When I told people I will spend New Years Eve in Bangkok I usually got the reaction “oh wow, there must be a huge party everywhere” and I thought so as well. I arrived on the 30th in Bangkok and started looking for places to celebrate. But aside from big hotels with ludicrously expensive dinner-and-party packages or purely tourist parties in the tourist area there were no NYE parties. So we decided to go to a night market and to the roof top terrace for fireworks.
The Rachada night market was packed and buzzing. Food stalls, tattoo artists, nail studios, mobile equipment, and clothes all mixed in small tents with bright neon lights, surrounded by 2-story bars with busting music from electro to rock.
The night market and party area was rather local, only a few western people here and there. And the decoration was not New Years Eve like. Some bars had “Happy New Year” written on a chalk board, but otherwise it was just like any Saturday. We grabbed a few beers and some food until 11 pm, then we went back to our rooftop terrace on the 31st floor with view over Bangkok.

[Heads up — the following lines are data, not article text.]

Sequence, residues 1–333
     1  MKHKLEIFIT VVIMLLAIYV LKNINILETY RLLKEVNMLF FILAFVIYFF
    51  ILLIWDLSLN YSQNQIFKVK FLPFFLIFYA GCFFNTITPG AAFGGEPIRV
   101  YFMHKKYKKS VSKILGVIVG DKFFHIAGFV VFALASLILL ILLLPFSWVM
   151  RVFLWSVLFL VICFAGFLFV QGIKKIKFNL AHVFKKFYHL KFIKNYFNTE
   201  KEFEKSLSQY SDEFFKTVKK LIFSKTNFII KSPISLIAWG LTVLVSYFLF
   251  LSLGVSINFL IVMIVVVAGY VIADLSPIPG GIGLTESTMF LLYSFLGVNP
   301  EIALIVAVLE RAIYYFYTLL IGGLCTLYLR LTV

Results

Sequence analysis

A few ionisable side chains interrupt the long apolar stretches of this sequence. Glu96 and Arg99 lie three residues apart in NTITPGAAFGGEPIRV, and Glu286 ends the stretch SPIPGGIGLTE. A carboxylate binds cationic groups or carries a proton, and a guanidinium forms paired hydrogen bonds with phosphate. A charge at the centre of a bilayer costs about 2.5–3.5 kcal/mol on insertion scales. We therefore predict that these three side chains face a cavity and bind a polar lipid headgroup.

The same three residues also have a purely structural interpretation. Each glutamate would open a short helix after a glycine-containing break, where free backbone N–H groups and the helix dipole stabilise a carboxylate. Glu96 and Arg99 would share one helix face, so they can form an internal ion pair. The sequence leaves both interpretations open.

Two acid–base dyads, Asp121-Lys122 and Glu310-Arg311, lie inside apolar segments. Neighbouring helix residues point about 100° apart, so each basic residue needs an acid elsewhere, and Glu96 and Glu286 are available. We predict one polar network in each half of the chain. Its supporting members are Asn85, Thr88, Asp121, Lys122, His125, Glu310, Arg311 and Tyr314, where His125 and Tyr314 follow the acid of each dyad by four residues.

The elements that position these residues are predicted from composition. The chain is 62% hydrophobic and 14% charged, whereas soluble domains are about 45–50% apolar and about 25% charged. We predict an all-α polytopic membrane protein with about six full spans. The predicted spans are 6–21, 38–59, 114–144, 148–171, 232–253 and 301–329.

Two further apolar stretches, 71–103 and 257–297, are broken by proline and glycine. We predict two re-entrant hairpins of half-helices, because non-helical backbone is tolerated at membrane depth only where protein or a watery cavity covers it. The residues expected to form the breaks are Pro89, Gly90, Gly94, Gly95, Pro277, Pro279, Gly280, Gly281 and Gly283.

The rooftop was not too crowded. The few chairs and benches were almost all occupied, but no one had to stand. It was very quiet in general, no music playing, no big party. All groups were 2-6 people just sitting together, having snacks and drinks, and enjoying the view. A few minutes before midnight the people gathered in the corner with the best view towards the center. At midnight, nothing happened. Aside from us and one other group, nobody said “Happy New Year” or started cheering. A few hotels started their fireworks, but all very basic. And 5 minutes later, the fireworks were finish. Every now and then another rocket blasted in the distance, but that was it. Very unspectacular.
So if you like nice and warm NYE party with people from every country and prices comparable or higher than in Germany, the big parties in the tourist hotels is a great option. If you want to celebrate with locals, maybe the Thai new years party in April is a better choice.
So, but why is it 2561? Well, Thailand uses in some parts the Buddhist era as timeline, which starts about 500 years before the Christian era. That’s why also Google tells me all the time that pages have last been edited in 2559 etc. So happy New Year!